English version

go through with something

From Longman Dictionary of Contemporary Englishgo through with something phrasal verbPROMISEto do something you had promised or planned to do, even though it causes problems or you are no longer sure you want to do it He bravely went through with the wedding ceremony even though he was in a lot of pain. I had no choice but to go through with it. go→ See Verb table
Examples from the Corpus
go through with She had to go through with it now, as she had exchanged contracts on the house.That depended, of course, on whether he decided to go through with it or not.That meant only one thing: he had to go through with it.The hour had long since passed for his call to Virginia Stillman, and he debated whether to go through with it.I went through with the fight, like I had said, knocked him out.They are quite rightly upset and offended as they have usually made their own decisions and are going through with them.How could he go through with this horrible farce?
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Verb table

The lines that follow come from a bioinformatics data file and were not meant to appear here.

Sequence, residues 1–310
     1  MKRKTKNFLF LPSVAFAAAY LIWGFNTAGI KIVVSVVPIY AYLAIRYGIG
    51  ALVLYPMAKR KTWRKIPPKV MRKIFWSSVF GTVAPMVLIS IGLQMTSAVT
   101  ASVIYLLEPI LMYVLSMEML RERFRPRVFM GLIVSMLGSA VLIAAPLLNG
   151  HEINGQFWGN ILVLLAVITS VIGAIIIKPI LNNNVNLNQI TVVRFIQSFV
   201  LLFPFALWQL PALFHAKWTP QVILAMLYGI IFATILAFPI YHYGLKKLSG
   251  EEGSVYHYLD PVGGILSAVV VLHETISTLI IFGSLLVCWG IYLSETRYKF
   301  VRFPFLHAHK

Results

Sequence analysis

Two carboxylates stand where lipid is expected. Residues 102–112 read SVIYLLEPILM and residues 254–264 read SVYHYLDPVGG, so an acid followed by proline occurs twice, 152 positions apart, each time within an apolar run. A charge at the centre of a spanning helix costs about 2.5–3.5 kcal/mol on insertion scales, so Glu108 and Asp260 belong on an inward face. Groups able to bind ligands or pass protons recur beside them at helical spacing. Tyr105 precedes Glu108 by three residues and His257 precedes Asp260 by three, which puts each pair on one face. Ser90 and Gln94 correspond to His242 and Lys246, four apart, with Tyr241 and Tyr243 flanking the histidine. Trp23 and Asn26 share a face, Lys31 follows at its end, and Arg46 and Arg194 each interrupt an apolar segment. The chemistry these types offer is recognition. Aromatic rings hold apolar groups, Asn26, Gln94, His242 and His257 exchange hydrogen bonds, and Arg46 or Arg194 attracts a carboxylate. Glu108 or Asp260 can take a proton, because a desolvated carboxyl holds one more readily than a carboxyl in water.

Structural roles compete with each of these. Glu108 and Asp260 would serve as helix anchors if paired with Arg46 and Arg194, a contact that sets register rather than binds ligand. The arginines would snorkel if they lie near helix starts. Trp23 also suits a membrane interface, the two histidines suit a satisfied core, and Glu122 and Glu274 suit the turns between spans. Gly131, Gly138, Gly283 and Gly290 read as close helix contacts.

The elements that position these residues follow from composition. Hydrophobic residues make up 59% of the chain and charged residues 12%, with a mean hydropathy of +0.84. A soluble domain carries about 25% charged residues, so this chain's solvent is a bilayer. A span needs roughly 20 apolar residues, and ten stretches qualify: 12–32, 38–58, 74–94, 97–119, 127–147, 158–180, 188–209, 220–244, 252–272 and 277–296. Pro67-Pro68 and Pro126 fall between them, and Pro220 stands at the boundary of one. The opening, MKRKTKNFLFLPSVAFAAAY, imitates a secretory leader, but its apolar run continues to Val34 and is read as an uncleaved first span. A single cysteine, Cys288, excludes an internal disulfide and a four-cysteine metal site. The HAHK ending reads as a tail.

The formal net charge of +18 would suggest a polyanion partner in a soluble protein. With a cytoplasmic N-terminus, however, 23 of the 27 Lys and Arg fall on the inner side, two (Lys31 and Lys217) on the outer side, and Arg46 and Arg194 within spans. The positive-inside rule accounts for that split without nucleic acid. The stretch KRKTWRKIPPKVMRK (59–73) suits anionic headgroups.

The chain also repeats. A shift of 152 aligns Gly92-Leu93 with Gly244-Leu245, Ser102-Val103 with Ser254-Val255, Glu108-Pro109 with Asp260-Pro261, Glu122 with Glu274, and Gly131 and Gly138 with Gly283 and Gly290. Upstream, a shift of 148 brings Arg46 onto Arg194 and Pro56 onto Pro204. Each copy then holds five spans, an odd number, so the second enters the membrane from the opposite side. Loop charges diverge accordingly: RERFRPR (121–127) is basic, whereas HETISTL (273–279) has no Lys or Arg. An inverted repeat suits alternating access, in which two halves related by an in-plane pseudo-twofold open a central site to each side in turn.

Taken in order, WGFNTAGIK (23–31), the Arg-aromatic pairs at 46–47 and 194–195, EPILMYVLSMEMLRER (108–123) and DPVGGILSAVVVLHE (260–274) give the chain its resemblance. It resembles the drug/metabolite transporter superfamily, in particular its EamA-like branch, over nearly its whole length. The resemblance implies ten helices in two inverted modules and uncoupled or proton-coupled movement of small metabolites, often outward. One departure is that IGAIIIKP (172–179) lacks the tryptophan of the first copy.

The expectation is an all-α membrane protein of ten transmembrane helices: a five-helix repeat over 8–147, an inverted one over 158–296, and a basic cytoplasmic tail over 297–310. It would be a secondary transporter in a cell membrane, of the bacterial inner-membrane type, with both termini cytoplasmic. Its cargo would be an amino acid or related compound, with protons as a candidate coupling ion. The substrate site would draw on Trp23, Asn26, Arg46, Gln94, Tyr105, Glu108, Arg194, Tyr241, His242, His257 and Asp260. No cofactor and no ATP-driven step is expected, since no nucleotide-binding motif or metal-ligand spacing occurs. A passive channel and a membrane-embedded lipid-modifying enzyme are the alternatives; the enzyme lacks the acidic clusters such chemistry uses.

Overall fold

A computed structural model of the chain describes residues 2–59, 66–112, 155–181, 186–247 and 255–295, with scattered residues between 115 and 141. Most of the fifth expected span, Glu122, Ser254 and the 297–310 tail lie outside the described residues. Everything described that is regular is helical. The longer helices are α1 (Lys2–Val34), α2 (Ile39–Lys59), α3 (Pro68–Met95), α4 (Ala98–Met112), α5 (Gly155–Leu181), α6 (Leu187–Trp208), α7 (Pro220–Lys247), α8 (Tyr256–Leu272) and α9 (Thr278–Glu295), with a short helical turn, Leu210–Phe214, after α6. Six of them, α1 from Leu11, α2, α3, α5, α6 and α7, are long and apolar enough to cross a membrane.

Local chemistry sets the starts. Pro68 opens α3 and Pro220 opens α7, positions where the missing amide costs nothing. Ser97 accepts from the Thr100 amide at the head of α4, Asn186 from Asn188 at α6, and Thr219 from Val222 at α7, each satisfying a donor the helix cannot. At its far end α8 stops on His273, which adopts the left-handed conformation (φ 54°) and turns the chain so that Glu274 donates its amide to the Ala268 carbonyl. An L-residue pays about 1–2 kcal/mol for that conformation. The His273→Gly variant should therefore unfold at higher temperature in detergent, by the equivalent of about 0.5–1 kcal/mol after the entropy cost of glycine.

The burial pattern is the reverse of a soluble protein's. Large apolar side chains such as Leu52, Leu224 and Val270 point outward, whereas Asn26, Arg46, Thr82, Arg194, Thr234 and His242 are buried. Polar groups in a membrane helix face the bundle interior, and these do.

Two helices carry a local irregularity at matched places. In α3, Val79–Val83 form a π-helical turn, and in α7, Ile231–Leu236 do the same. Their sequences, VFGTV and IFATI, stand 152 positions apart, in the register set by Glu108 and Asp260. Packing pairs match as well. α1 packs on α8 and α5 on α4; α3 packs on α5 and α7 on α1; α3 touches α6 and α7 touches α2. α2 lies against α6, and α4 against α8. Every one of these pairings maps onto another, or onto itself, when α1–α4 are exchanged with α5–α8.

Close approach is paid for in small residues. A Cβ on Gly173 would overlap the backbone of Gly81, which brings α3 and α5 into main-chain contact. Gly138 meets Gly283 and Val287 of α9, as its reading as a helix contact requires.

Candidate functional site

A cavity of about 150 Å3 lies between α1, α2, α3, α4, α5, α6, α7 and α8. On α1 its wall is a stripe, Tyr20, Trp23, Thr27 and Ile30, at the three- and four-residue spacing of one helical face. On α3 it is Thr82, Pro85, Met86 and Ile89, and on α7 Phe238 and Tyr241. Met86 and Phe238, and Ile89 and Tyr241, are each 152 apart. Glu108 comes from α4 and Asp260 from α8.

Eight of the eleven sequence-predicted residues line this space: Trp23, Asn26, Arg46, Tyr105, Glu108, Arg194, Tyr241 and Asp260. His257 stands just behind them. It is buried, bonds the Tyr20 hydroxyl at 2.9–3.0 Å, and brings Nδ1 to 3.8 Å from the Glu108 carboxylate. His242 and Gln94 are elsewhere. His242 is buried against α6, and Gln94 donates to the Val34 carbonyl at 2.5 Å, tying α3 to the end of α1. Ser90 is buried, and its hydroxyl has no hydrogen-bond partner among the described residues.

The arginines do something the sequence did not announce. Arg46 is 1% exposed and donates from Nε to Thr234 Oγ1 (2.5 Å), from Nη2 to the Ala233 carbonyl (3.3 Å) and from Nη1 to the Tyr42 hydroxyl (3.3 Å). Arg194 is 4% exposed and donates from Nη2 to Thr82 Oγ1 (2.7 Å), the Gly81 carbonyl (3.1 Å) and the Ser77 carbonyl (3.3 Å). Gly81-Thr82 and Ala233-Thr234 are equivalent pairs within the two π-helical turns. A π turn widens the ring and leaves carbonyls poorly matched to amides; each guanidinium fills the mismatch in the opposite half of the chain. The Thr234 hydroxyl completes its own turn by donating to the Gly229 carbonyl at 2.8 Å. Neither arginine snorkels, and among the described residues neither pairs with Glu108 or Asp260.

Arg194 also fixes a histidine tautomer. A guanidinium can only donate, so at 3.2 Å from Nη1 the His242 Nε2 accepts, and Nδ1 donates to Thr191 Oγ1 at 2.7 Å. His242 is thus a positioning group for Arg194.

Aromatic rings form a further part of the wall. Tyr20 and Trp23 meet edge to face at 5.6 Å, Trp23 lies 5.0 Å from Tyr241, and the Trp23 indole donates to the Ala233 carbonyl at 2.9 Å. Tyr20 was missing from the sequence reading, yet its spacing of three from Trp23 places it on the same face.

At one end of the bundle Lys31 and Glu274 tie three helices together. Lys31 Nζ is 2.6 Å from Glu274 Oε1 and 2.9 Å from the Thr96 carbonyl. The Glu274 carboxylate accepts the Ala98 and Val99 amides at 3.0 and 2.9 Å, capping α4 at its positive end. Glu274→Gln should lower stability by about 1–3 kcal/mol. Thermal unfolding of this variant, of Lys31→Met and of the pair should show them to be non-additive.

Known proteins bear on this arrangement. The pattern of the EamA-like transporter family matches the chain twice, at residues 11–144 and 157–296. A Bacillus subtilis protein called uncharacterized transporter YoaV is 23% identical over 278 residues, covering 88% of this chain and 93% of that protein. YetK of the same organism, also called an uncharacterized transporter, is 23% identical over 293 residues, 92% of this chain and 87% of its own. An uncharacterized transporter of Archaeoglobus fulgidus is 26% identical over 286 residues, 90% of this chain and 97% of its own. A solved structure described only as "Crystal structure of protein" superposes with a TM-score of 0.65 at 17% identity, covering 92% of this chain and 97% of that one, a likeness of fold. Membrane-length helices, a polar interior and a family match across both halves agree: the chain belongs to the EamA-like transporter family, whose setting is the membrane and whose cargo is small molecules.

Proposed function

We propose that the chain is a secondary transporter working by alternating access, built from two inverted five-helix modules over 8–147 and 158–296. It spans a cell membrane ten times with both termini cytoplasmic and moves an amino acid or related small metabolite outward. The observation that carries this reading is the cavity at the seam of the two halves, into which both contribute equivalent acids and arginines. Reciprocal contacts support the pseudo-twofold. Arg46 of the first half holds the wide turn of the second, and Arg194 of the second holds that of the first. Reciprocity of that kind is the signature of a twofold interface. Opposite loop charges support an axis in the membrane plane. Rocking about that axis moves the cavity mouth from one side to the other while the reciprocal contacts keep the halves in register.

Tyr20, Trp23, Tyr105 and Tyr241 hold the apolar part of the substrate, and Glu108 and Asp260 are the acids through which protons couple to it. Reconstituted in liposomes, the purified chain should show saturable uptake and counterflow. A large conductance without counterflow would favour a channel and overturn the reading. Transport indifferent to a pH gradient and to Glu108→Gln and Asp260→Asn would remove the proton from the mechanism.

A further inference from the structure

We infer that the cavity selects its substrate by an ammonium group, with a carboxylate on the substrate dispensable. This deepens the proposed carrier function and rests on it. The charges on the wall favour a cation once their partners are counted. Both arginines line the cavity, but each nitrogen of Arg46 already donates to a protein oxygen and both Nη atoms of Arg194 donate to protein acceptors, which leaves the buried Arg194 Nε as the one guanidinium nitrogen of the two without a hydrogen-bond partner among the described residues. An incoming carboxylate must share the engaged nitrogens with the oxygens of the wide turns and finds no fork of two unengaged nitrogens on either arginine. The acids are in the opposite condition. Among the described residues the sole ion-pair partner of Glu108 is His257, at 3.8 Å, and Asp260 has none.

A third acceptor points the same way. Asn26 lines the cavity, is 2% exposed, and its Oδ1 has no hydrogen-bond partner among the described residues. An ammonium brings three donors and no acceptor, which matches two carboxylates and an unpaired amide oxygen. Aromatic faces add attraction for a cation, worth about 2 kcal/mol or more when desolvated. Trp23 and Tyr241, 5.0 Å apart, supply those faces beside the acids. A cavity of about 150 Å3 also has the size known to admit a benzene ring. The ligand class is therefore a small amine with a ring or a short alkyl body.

go
Simple Form
Present
I, you, we, theygo
he, she, itgoes
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Past
I, you, he, she, it, we, theywent
Present perfect
I, you, we, theyhave gone
he, she, ithas gone
Past perfect
I, you, he, she, it, we, theyhad gone
Future
I, you, he, she, it, we, theywill go
Future perfect
I, you, he, she, it, we, theywill have gone
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Continuous Form
Present
Iam going
he, she, itis going
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you, we, theyare going
Past
I, he, she, itwas going
you, we, theywere going
Present perfect
I, you, we, theyhave been going
he, she, ithas been going
Past perfect
I, you, he, she, it, we, theyhad been going
Future
I, you, he, she, it, we, theywill be going
Future perfect
I, you, he, she, it, we, theywill have been going
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